The evolution of 'braaivleis man'

DAVID BULLARD discovers that food cooked al fresco need not have the consistency of the sole of a hiking boot

UNLESS they are very lucky or have a valid excuse such as vegetarianism, the first-time visitor to South Africa will almost certainly be subjected to the ritualistic cremation of dead animals fondly known as the "braaivleis".

Not to be confused with the Aussie "barbie" or the more British or American Bar-B-Q, the braaivleis is a uniquely South African phenomenon.

Although men and women arrive together, they traditionally separate into two groups at a braai. The men make the fire and cook the meat while the women traditionally ferry the beers to the men, arrange the salads and look after the children. In the 20th century it's the closest a man can get to his "hunter gatherer" Neanderthal roots.

The boerewors goes on first and immediately catches fire making it look like a giant, fat-spitting, Catherine wheel. Beer or water is poured over the coals to douse the flames which results in a pall of pungent smoke - all part of the enjoyment of outdoor entertaining apparently. Once the wors has been suitably charred and served, the other meat can be thrown on the grid and ruined. No matter how much attention the men devote to turning and basting the meat or rearranging the coals, the first law of braais is that the meat will always burn. The second law is that, regardless of which way the wind is blowing or where you stand, the smoke will follow you and get in your eyes.

The problem with our national pastime is that visitors who have experienced it think it is the only way South Africans eat. I visited London some years ago and went to friends for dinner. They had rushed off to Harrods that morning and bought a tiny Japanese Bar-B-Q set in my honour, intending to cook lamb chops on it. We spent three gloomy hours in a tiny garden in Putney trying to light the fire before we finally gave up and opted for takeaway pizzas.

Having passed through the various evolutionary stages of "braaivleis man", I finally attended one of Shirley Guy's Weber cookery demonstrations because I needed to be convinced that food cooked al fresco didn't necessarily have to be carcinogenic or have the consistency of the sole of a hiking boot.

Shirley Guy runs The Dough Hook, a cookery school in Bedfordview. As well as offering all sorts of foodie cookery courses (including some for men only), writing for a variety of publications on culinary matters and trotting off to exotic locations to check out the local cuisine, she is also the undisputed African queen of the Weber kettle braai; that strange looking three-legged creature that now graces the patios of discerning South African homes.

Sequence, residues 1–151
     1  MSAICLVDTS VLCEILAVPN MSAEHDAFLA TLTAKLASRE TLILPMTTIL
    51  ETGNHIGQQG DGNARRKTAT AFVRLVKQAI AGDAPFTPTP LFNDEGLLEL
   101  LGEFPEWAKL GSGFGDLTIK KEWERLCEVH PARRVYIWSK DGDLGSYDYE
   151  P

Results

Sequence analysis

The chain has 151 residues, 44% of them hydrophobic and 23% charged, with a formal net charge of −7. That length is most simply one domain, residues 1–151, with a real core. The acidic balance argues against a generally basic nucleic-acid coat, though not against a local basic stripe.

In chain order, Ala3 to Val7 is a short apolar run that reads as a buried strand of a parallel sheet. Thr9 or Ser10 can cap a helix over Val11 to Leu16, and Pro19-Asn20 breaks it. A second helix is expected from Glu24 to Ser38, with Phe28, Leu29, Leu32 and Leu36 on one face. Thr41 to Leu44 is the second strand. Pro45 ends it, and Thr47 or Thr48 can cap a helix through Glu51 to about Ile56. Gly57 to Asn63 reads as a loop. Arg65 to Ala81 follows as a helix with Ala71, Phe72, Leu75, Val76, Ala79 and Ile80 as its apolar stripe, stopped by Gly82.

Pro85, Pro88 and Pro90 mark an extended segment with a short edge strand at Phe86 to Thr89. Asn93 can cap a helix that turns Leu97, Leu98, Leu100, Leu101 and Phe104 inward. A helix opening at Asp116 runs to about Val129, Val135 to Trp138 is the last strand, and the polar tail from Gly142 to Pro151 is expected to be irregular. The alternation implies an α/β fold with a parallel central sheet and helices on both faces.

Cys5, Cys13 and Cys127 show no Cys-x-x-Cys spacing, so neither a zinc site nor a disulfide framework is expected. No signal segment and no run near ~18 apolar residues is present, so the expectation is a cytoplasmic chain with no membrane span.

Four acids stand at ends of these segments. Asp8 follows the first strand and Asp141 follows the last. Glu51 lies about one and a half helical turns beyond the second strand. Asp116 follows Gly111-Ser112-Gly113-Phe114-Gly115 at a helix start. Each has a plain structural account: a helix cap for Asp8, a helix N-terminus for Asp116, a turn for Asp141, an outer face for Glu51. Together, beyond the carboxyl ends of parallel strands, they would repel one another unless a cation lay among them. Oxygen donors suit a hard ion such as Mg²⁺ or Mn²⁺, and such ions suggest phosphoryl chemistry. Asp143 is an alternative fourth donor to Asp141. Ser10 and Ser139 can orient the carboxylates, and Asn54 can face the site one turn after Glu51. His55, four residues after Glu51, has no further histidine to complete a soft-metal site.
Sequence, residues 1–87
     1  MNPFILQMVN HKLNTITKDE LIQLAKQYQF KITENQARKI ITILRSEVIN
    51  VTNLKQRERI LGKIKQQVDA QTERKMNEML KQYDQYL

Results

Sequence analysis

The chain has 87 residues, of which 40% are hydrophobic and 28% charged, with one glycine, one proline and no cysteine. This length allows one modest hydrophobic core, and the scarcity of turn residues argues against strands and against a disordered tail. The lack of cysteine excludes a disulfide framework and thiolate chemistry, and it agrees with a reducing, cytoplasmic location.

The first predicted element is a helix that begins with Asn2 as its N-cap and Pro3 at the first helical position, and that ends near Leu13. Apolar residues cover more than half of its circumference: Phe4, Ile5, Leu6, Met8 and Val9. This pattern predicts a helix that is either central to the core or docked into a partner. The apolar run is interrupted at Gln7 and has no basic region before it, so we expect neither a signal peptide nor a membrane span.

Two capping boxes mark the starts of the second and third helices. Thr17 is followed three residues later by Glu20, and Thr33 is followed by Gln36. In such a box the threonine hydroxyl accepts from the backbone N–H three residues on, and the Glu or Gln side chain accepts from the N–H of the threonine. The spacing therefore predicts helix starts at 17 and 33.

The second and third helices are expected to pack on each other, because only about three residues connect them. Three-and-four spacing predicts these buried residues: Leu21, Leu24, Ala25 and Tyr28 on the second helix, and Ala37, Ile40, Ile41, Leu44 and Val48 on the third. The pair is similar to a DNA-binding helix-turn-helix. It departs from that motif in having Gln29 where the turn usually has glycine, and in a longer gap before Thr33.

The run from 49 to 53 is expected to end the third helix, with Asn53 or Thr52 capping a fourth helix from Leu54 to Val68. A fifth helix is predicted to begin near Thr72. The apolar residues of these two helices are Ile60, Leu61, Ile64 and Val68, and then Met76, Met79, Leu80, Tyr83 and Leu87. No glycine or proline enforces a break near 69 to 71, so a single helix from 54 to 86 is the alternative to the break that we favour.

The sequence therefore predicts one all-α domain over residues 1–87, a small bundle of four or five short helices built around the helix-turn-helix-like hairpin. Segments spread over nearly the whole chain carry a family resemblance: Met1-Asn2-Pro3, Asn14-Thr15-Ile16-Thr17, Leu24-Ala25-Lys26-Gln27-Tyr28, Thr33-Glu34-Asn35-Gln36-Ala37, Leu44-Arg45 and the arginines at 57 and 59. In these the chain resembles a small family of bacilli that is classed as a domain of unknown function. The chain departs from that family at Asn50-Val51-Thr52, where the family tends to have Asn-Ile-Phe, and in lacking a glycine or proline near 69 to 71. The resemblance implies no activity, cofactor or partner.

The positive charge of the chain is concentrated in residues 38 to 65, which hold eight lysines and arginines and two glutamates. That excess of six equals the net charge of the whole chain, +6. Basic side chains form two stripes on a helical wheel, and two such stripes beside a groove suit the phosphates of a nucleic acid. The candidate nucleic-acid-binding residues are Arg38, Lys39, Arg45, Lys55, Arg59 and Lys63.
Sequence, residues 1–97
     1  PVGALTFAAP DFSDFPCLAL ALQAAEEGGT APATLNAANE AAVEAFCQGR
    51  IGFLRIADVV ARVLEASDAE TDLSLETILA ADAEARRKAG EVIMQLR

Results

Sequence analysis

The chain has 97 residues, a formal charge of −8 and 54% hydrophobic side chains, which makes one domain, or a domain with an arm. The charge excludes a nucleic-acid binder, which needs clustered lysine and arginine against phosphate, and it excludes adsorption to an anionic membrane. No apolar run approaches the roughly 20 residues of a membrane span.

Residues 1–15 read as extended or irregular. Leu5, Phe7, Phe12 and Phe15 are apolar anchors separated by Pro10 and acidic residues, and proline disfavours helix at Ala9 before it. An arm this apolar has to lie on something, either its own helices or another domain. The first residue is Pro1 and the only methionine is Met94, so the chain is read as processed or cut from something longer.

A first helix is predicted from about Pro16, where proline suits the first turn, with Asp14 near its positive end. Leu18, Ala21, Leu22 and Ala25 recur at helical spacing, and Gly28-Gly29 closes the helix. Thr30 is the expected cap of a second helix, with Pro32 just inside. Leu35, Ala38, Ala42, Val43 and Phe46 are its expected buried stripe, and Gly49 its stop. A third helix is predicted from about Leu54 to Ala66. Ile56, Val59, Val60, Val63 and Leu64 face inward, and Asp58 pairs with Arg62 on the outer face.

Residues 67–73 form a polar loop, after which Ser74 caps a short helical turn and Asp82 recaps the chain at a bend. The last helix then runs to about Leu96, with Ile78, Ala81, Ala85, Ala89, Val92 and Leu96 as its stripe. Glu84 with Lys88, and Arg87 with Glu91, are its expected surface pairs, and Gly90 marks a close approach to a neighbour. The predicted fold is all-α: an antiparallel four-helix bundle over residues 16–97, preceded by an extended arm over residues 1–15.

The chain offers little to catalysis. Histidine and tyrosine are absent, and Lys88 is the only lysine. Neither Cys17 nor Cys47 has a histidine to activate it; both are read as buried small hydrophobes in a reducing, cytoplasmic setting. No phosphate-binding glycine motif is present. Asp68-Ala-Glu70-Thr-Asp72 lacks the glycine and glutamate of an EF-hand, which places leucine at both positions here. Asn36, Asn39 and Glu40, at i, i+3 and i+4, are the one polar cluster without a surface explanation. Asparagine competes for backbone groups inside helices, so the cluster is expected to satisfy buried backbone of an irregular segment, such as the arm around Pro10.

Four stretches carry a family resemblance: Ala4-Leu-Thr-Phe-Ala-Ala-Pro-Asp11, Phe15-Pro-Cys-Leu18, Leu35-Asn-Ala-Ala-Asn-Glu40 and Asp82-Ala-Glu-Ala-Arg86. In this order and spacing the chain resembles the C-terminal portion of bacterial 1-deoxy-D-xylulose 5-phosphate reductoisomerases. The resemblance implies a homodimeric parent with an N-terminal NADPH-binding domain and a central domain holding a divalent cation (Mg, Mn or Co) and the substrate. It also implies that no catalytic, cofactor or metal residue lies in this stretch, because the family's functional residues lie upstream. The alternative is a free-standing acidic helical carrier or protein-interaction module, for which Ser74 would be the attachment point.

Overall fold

The first thing you learn is how to call your Weber by its correct name. Despite the spelling, it is pronounced "webber"; in musical parlance, more Andrew Lloyd than Carl Maria Von. Although there are some cheap imitations on the market, the genuine article from the US will set you back about R800. There is also a much flashier gas version for people who don't like to get their hands dirty.

Once you have the basic kettle you can acquire any number of Weber designer accessories such as meat racks, braai tongs and even a little plastic mac so that your Weber can go out in the rain.

Before you can actually cook anything, you have to know how to assemble and light your Weber. It is a good idea to read the instruction manual. Although it's not a particularly complex piece of engineering, one new owner lit the fire in the ash tray under the kettle and wondered why he was eating raw fish two hours later.

One very good reason to attend one of Shirley Guy's Weber demonstrations is that you get to eat a great lunch afterwards. This is undoubtedly why they prove very popular with companies looking for a novel way to entertain. They are an alternative to the more mundane sort of corporate entertainment, particularly as husbands and wives can both attend.

Another good reason is that you will learn how to use a Weber to produce a great meal without very much effort on your part.

Looking rather like a percussionist surrounded by smoking tympani, Shirley dashed around chopping this and seasoning that and, by some miracle of timing which has so far eluded me, managed to produce about 10 different dishes by lunchtime. These included fish in newspaper, lamb cooked to perfection and delicious Italian bread.

My only complaint is that the the only thing the Weber doesn't do is clean itself.

Article by: David Bullard -